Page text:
Did you know that in today’s marketplace effective email marketing can be the difference between business success and failure?
And while email marketing is still the most appropriate place to make offers and share your awesome content…
… writing quality emails to your list can be down right difficult.
Furthermore, if you don’t know how to formulate your emails in a way that your readers will find appealing…
… you run the risk of annoying them to the point they unsubscribe from your list.
You wouldn’t want that, would you?
That’s why knowing how to write the perfect email to your email subscriber list is critical.
If you want to promote offers to your email list without coming across as a desperate, pitchy, marketer…
… this article will show you how in 7 simple steps.
As you keep reading this article you will discover how easy it can be to:
- Write great emails that captivate your readers
- Convert those readers into buyers
That is why you found this article, isn’t it?
Now that you’re ready to see how to write the perfect email, let’s dive in!
7 Steps To Write The Perfect Email
Okay, so there’s not necessarily a “perfect” email to send to your email list.
However, there is a “perfect formula” you can use to write great emails to your list that will convert.
I’ll go into more detail here in a sec but first, here’s the formula…
- Write the Subject Line (Direct or Blind)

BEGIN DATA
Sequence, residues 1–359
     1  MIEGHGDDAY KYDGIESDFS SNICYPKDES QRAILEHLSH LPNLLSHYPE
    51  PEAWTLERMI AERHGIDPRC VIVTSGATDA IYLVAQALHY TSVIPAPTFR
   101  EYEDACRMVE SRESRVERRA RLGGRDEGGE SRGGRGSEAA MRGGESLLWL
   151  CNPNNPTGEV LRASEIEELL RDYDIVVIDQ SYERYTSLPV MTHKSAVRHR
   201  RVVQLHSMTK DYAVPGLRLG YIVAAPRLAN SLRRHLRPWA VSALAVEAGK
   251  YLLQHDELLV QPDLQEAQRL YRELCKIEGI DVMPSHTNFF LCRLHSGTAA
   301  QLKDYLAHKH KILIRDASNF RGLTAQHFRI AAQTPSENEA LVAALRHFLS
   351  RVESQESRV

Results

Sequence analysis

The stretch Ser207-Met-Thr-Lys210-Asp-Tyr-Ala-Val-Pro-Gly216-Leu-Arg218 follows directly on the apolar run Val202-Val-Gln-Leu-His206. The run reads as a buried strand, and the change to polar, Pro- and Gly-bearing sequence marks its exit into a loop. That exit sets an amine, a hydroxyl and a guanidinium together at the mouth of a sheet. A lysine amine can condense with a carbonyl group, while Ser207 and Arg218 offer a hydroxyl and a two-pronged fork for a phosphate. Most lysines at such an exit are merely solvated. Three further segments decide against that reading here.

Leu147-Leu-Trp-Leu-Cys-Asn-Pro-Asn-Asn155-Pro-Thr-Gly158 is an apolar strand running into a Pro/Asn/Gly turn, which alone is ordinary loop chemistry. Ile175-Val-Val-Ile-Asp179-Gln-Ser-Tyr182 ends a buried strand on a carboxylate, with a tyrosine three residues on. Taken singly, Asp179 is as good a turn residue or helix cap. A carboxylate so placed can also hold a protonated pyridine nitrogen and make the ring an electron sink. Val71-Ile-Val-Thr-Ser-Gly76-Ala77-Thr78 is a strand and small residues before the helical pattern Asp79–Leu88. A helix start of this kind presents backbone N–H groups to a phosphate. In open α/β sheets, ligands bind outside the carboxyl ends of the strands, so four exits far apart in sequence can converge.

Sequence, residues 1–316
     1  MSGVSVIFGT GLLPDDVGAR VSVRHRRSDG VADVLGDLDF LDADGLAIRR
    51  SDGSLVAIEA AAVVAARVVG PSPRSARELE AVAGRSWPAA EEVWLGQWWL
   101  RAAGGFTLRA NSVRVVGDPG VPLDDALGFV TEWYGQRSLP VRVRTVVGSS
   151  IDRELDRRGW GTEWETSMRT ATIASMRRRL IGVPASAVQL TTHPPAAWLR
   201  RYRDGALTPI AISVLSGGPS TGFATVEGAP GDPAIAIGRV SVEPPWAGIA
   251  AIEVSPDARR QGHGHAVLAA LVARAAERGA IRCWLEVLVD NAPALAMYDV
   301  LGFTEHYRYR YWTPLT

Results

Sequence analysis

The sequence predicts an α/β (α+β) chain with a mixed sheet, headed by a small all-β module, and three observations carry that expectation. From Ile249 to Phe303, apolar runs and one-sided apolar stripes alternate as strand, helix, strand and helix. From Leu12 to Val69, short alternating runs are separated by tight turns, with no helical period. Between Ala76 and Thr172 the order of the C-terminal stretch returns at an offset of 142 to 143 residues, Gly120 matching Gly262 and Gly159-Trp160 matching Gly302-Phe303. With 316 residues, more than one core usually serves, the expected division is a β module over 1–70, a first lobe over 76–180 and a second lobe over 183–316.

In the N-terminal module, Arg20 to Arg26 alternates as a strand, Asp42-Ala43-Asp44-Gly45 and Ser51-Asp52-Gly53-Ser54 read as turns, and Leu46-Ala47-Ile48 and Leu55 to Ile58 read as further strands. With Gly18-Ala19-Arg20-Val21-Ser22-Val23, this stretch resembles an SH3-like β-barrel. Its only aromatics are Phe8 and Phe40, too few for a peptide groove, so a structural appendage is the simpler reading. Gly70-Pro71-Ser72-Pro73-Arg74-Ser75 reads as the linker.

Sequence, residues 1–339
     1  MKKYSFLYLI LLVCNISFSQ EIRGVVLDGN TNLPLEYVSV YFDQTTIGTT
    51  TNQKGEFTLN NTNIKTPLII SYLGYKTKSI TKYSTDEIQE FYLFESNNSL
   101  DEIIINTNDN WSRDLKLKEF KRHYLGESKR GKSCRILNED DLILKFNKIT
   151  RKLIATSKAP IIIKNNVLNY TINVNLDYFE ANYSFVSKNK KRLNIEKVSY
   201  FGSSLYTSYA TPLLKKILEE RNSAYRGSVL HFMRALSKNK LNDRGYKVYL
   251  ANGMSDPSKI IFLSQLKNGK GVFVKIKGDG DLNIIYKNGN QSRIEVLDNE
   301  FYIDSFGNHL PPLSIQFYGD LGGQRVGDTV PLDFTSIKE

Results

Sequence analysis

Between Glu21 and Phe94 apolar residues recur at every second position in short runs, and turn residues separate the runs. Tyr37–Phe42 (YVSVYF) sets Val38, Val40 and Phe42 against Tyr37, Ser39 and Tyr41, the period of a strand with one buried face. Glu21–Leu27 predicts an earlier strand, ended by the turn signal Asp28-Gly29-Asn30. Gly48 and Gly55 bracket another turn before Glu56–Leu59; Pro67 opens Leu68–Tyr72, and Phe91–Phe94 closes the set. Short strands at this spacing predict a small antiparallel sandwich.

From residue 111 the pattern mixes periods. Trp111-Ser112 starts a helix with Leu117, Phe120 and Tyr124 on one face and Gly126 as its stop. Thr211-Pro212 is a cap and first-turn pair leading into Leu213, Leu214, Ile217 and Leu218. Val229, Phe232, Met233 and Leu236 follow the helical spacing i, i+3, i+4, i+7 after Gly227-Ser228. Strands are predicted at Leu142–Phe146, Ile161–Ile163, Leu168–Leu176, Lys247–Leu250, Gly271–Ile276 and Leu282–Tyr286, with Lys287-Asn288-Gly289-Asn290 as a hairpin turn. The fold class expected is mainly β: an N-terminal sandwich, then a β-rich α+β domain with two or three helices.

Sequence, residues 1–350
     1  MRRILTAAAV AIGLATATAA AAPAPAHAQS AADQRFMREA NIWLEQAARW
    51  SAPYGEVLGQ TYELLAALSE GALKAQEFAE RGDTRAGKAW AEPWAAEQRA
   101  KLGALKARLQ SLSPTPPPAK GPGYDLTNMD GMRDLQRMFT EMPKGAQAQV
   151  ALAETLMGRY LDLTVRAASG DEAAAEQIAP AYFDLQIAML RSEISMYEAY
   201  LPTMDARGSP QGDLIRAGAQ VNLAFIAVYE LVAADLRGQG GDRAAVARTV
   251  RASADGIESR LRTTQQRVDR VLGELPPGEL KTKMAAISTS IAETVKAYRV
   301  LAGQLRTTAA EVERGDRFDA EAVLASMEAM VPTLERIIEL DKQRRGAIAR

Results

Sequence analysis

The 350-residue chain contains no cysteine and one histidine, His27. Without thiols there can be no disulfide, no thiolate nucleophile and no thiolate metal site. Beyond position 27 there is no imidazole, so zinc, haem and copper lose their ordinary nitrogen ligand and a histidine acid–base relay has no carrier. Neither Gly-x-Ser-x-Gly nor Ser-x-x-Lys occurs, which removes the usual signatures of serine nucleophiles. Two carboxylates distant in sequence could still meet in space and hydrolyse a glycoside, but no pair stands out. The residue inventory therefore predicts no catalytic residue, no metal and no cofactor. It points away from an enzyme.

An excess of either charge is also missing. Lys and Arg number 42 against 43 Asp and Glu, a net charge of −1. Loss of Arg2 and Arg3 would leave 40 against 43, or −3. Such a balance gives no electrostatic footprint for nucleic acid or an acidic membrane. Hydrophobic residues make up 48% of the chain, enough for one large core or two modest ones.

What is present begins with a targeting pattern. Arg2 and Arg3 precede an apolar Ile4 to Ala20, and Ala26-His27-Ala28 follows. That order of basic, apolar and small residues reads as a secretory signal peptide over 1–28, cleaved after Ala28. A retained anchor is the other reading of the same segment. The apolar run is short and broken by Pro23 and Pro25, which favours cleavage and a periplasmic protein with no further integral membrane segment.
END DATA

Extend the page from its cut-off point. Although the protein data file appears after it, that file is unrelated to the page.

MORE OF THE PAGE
- Write a “greased chute” Opening
- Write Body Copy (Direct or Blind?)
- Write a CTA Command
- Insert an Image
- Write a “Drill Down” P.S.
- Add and Ad
So now that you know the formula for how to write the perfect email, let’s move on to the specifics.
1.) Direct or Blind Subject Line
Learning how to write the perfect email to your list is one part Art and one part Science.
That said, it all starts with the email subject line.
I’ll get to the two different types of email subject lines in a second…
… but first it’s important that you know how crucial a good email subject line is.
One could argue that the email subject line is THE most important aspect of your email.
After all, if your reader chooses not to open your email due to a poor subject line…
… they’ll miss out on the awesome content or offer contained within your email.
Let’s dive into the two different types of email subject lines:
- Direct subject lines
- Blind subject lines
A direct subject line will tell you exactly what will be in the email if you open it up.
On the other hand, a blind subject line is more of a curiosity driven subject line.
It makes the person wonder what’s inside.
- Blind Subject Line Example: “This is embarrassing but…”
- Direct Subject Line Example: “7 Tips To Get Dirt Cheap Leads From Facebook”
See the difference?
The first question to ask yourself is…
Should I use a direct subject line or a blind subject line?
The answer is… you should mix it up.
If you want to write the perfect email…
… don’t always send direct and don’t always send blind (and err on the side of writing more direct subject lines).
More people will open with a blind subject line, but more people will click through on direct subject lines.
The flip side is, less people will open direct subject lines.
However, of the people who open up the direct subject line email…
… more of those people will click through to your CTA within the body of the email.